Space Shuttle Home Nears Completion In Florida

Space Shuttle Atlantis has a new home in Florida that is nearing completion. As the latest Space Coast attraction, the new $100-million home of the historic spacecraft will launch June 29 at Kennedy Space Center. Far more than a place to store the used orbiter, the new facility will offer visitors unprecedented access to what was once highly classified hardware, uniquely displayed.

This unique experience delivers extraordinary access to Space Shuttle Atlantis, positioned as if it were in space as only astronauts have seen it before. Suspended 30 feet above ground and rotated at slightly less than a 45-degree angle, Atlantis will have her payload bay doors open and robotic arm (Canadarm) extended. Visitors will be able to view the orbiter from below or via a raised surrounding platform.

With 33 missions in space to the credit of Space Shuttle Atlantis, the exterior has been left as-is for visitors to see the wear on its protective external tiles. Over 60 supporting and interactive exhibits plus high-tech simulators tell the story of NASA’s 30-year Space Shuttle Program and the amazing engineering that transformed the way humans explore space. Prominently featured is the shuttle program’s role in building the International Space Station as well as the launch and maintenance of the Hubble Space Telescope.While the newest attraction at the Kennedy Space Center Visitor’s Complex, Atlantis is just one feature to be enjoyed by visitors. The Shuttle Launch Experience simulates what it is like to blast off into space. The Rocket Garden features Redstone, Atlas and Titan rockets that first put NASA astronauts in space, alongside Mercury, Gemini and Apollo capsules. The Astronaut Training Experience brings visitors realistic astronaut training.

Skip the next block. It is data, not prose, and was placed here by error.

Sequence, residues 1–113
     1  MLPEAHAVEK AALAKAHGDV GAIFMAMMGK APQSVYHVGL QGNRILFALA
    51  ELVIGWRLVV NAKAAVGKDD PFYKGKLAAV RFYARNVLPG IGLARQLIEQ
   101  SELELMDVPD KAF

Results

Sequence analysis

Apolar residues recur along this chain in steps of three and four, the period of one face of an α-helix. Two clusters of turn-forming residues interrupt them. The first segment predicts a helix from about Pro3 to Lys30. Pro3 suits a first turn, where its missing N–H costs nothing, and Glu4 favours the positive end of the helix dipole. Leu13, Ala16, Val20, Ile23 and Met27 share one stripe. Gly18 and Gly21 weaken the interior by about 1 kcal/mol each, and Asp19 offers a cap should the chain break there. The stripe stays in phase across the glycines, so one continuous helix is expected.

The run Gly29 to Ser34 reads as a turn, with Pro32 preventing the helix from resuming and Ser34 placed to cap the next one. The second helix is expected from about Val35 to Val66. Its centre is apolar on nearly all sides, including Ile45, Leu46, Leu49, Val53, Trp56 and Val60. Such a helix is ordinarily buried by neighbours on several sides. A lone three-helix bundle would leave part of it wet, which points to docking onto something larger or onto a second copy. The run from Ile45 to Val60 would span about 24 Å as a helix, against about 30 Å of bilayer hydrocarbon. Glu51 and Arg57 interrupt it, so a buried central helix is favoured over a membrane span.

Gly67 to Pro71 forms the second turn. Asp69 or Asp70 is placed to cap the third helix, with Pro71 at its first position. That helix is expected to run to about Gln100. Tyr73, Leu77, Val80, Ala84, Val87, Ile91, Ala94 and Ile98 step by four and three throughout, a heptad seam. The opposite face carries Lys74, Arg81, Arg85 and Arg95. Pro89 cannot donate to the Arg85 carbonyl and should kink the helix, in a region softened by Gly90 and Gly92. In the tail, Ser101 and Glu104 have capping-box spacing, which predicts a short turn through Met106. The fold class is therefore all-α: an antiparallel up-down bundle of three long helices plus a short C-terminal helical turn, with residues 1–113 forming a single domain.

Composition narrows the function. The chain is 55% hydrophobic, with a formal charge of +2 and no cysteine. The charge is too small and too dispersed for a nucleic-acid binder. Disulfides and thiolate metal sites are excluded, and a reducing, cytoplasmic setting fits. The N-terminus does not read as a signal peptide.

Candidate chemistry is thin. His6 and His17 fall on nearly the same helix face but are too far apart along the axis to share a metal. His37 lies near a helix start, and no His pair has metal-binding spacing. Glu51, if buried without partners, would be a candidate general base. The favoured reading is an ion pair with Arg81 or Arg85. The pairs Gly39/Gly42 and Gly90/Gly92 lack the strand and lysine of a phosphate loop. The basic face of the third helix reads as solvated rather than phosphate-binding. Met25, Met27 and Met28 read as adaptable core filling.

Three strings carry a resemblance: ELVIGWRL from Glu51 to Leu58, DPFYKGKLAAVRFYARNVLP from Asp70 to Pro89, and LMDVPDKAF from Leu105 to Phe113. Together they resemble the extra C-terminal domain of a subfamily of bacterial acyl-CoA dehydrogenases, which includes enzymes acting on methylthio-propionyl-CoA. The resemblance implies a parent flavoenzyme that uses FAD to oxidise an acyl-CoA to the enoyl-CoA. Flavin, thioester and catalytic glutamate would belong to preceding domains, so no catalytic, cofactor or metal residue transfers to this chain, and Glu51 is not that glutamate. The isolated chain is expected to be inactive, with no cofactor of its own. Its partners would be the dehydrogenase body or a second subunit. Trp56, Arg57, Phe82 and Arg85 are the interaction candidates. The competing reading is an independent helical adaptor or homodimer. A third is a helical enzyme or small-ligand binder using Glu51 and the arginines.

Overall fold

Other exhibits trace the history of America’s space program from its beginning and get into the future of space exploration. Far from a relic of another time and a different NASA focus, the Atlantis exhibit promises to complete an experience that fans of space travel may have only dreamed of until now.

Better yet, the Kennedy Space Center website has a rich array of interactive content including a “countdown until the next launch” timer and an Ask An Astronaut feature that invites visitors to pose questions to those who have actually been there and done that.

About the only part of the space shuttle program that visitors won’t see is an actual launch, but we have one of those for you here in this video:

[Image credit – Kennedy Space Center Visitor’s Complex]

Space Shuttle Now Officially A Tourist Attraction